Tyrrhenians and Carthaginians, and all other nations between whom
treaties of commerce subsist, would be citizens of one city; for they
have articles to regulate their exports and imports, and engagements
for mutual protection, and alliances for mutual defence; but (1280b)
yet they have not all the same magistrates established among them, but
they are different among the different people; nor does the one take
any care, that the morals of the other should be as they ought, or
that none of those who have entered into the common agreements should
be unjust, or in any degree vicious, only that they do not injure any
member of the confederacy. But whosoever endeavours to establish
wholesome laws in a state, attends to the virtues and the vices of
each individual who composes it; from whence it is evident, that the
first care of him who would found a city, truly deserving that name,
and not nominally so, must be to have his citizens virtuous; for
otherwise it is merely an alliance for self-defence; differing from
those of the same cast which are made between different people only in
place: for law is an agreement and a pledge, as the sophist Lycophron
says, between the citizens of their intending to do justice to each
other, though not sufficient to make all the citizens just and good:
and that this is fiact is evident, for could any one bring different
places together, as, for instance, enclose Megara and Corinth in a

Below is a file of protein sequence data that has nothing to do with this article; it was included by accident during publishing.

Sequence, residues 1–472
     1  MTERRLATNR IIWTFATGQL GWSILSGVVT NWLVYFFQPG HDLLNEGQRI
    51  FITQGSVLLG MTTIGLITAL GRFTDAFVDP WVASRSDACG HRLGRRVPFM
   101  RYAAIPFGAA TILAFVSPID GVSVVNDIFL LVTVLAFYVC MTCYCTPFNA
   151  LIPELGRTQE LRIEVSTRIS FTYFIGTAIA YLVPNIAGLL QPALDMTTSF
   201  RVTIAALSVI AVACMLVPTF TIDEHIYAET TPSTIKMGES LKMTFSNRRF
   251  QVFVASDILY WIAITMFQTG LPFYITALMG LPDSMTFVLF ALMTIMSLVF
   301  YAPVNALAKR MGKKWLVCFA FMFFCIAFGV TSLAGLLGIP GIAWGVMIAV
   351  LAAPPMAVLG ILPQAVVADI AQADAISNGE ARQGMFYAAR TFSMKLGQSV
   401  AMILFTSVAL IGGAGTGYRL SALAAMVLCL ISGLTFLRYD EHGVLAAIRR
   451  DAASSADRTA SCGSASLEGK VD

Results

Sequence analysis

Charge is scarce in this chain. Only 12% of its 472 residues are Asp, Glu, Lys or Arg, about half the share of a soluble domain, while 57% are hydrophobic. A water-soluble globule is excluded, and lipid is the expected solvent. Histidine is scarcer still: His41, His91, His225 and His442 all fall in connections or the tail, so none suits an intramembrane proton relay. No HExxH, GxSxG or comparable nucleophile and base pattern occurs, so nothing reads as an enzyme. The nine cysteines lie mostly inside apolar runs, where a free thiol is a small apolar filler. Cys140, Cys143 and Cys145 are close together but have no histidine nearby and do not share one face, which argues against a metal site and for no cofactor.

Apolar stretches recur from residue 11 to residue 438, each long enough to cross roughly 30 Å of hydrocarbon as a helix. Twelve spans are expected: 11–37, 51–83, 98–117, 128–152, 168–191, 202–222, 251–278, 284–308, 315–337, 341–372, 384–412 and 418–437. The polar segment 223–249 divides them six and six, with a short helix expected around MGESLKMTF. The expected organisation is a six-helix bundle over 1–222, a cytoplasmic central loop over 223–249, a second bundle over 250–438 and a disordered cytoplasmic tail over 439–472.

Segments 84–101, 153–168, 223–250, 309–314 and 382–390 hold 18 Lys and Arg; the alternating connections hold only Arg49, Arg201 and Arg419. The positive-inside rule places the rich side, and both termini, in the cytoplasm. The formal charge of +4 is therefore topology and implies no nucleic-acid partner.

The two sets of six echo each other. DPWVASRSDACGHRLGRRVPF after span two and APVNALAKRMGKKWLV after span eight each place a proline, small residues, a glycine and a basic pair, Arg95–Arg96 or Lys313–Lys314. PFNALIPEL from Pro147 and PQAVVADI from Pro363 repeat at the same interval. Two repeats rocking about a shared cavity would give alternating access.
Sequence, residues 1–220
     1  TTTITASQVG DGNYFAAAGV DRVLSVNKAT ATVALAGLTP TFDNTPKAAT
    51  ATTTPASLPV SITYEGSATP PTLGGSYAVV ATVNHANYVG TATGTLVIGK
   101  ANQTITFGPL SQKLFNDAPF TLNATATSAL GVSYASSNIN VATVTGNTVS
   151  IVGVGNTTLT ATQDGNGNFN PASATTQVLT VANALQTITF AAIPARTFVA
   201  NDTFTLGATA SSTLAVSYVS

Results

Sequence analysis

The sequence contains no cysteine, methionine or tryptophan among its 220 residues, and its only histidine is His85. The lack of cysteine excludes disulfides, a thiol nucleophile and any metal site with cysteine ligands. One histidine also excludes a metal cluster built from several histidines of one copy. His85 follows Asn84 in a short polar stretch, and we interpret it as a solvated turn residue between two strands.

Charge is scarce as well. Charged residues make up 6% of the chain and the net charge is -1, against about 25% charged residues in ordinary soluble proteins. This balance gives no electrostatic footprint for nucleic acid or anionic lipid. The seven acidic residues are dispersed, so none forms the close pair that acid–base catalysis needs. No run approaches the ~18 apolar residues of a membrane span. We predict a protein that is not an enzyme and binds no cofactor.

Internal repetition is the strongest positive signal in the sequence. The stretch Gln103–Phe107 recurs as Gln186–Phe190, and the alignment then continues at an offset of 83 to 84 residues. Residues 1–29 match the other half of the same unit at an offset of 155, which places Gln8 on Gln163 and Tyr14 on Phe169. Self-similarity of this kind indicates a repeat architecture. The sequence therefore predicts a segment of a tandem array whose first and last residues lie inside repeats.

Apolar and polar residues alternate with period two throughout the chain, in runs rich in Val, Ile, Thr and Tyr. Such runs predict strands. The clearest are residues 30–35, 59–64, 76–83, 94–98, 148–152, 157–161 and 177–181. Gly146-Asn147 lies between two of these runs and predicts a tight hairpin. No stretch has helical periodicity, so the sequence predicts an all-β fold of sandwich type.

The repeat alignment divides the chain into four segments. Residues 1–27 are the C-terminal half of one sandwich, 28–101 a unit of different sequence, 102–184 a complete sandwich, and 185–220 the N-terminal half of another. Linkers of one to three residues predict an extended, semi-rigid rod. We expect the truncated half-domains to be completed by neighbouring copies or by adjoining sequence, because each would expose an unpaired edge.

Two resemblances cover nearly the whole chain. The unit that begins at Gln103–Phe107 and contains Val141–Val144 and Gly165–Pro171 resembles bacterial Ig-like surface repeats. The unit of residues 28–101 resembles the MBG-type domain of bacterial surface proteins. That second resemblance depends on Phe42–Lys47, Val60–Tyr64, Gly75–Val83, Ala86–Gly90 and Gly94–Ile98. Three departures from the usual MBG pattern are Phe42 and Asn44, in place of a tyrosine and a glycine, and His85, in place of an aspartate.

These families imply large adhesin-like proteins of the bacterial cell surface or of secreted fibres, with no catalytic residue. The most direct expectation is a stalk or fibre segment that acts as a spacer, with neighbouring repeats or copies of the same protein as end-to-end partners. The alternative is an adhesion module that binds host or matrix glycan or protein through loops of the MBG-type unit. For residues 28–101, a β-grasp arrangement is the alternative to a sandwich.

wall, yet they would not be one city, not even if the inhabitants
intermarried with each other, though this inter-community contributes
much to make a place one city. Besides, could we suppose a set of
people to live separate from each other, but within such a distance as
would admit of an intercourse, and that there were laws subsisting
between each party, to prevent their injuring one another in their
mutual dealings, supposing one a carpenter, another a husbandman,
shoemaker, and the like, and that their numbers were ten thousand,
still all that they would have together in common would be a tariff
for trade, or an alliance for mutual defence, but not the same city.
And why? not because their mutual intercourse is not near enough, for
even if persons so situated should come to one place, and every one
should live in his own house as in his native city, and there should
be alliances subsisting between each party to mutually assist and
prevent any injury being done to the other, still they would not be
admitted to be a city by those who think correctly, if they preserved
the same customs when they were together as when they were separate.

It is evident, then, that a city is not a community of place; nor
established for the sake of mutual safety or traffic with each other;